FERGUSON, Mo. (CBSNewYork/AP) — Protests and marches were held in New York and around the country Sunday, marking one year since the shooting death of unarmed black teenager Michael Brown at the hands of a white police officer.
As CBS2's Don Champion reported, the death of Brown, 18, set off weeks of unrest in Ferguson and nationwide protests. It also led to greater scrutiny of police departments and how officers interact with communities of color.
The march began at the site where Brown was fatally shot by Ferguson officer Darren Wilson on Aug. 9, 2014. A grand jury and the U.S. Department of Justice declined to prosecute Wilson, who resigned in November, but the shooting touched off a national "Black Lives Matter" movement.
Brown's father, Michael Brown Sr., laid teddy bears at the shot where his son was killed.
"Personally it's a loss, but it's a lot of good that came out of what my son pushed, because he's still right here with us," Michael Brown Sr. said.
Wearing shirts bearing the younger Michael Brown's picture and the words "chosen for change," the Brown family then led the 4 1/2-mile march to Normandy High School, from which the teen had graduated.
Hundreds took part, walking along West Florissant Avenue where violence and looting rocked the community in the weeks and months following Brown's death.
Gary Orr brought his 7-year-old grandson, Dashawn, to the march.
"We don't think things like this should happen in America," Orr said, adding that he told his grandson "to remain who he is; we try to teach him to respect police."
In the year since Brown's killing, the city of Ferguson has started making changes. Officials hired an interim police chief who is black and overhauled its municipal court system.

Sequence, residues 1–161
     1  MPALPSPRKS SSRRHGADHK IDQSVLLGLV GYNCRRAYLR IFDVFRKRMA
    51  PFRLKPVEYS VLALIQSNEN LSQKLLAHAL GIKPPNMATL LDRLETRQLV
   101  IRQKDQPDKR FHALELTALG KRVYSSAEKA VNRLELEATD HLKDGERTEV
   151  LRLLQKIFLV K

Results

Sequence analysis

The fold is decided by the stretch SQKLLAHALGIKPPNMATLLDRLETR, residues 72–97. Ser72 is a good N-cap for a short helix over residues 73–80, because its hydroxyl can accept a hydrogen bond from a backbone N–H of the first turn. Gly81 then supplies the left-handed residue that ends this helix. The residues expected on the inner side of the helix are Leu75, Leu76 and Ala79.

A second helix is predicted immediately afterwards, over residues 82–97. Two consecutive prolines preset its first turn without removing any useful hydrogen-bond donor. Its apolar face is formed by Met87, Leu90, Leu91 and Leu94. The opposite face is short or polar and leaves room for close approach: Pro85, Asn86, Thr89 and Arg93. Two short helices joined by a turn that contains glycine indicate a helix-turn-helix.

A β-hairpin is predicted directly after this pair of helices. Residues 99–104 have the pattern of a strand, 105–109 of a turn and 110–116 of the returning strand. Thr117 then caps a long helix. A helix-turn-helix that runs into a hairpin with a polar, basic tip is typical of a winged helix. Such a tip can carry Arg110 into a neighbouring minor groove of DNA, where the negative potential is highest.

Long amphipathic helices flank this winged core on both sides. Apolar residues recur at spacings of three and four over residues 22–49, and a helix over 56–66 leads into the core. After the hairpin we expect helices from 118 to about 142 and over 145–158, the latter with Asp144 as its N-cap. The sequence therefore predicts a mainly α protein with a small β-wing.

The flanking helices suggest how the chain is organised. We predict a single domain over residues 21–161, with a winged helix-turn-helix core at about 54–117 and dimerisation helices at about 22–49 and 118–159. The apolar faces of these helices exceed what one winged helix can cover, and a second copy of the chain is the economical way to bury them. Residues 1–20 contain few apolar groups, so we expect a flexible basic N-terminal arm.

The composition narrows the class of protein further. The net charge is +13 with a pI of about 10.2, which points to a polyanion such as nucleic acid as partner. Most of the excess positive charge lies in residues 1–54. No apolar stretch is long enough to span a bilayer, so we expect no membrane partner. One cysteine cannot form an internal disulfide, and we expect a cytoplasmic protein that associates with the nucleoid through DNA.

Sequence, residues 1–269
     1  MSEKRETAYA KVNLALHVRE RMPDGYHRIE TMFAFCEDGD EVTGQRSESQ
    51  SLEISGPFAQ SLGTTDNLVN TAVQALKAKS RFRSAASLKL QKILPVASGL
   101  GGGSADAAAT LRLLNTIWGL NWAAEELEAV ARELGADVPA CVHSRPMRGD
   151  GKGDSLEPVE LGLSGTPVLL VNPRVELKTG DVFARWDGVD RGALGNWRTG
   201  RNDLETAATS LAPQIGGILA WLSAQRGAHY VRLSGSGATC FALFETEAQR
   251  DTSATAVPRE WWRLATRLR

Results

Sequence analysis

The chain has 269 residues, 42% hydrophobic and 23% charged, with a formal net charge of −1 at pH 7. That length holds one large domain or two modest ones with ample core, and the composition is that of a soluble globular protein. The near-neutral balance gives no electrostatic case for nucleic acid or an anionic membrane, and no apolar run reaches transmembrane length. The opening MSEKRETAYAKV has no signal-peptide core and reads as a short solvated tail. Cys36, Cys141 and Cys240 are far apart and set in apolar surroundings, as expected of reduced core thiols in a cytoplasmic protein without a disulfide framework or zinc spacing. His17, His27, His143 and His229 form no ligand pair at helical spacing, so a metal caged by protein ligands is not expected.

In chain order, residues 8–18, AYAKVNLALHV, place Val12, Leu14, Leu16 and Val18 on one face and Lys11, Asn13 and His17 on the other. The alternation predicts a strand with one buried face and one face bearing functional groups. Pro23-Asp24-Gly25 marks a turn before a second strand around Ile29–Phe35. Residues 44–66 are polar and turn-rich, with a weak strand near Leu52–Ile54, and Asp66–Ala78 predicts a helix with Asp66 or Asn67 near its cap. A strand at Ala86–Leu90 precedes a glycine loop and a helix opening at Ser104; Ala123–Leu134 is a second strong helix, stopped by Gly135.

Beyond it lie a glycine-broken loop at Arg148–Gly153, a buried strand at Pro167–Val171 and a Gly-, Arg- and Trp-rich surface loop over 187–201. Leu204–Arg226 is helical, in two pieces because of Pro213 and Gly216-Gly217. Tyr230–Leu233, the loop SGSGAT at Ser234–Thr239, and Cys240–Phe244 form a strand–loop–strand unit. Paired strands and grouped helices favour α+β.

The Department of Justice found that the Ferguson Police Department had been unfairly targeted blacks and minorities. Still, many marchers say there's reason to protest.
"The structures of white supremacy and racism that really have built this town and undergird this town (need to) be changed," said marcher Deb Krause.
Multiple protests were also held in New York. Protesters gathered outside Barclays Center in Brooklyn to promote the "Black Lives Matter" movement, and about 100 people also gathered in Union Square late Sunday afternoon.
The modest turnout was acknowledged by some people – given the larger turnout in Ferguson, a town of 21,000, versus New York City, home to 8.5 million people in the city alone, CBS2's Steve Langford reported.
Still, those who attended worked to keep alive Brown's memory, holding signs calling for justice and change and highlighting other police-involved shootings that killed unarmed people.
Among those rallying in Union Square was Nicholas Heyward Sr., whose son was shot and killed by police in 1994.
"I've been out here on the street protesting and rallying for the last 21 years for justice for my son, 13-year-old Nicholas Jr.," Heyward said.
Also Sunday, a die-in was held later back at the Barclays Center in Brown's memory. Participants changed: "What's his name? Michael Brown."
Demonstrators also rallied in Harlem, invoking Brown's name as it remains sad shorthand nationwide for police shootings of young black men.
Last December, protests spanned the country, including New York, over a grand jury's decision last week not to charge Wilson.
A nationwide demonstration dubbed "#HandsUpWalkout" called on people to walk out of schools and businesses with their hands up at 1:01 p.m., the time when Brown was shot to death by former police officer Wilson, who has resigned from the police force.
The walkouts stretched from New York to San Francisco, and included Chicago and Washington, D.C.
In New York, about 200 people gathered in Union Square and then marched to Times Square. They said they were demonstrating to demand justice for Brown -- as well as for Eric Garner on Staten Island.
(TM and © Copyright 2015 CBS Radio Inc. and its relevant subsidiaries. CBS RADIO and EYE Logo TM and Copyright 2015 CBS Broadcasting Inc. Used under license. All Rights Reserved. This material may not be published, broadcast, rewritten, or redistributed. The Associated Press contributed to this report.)
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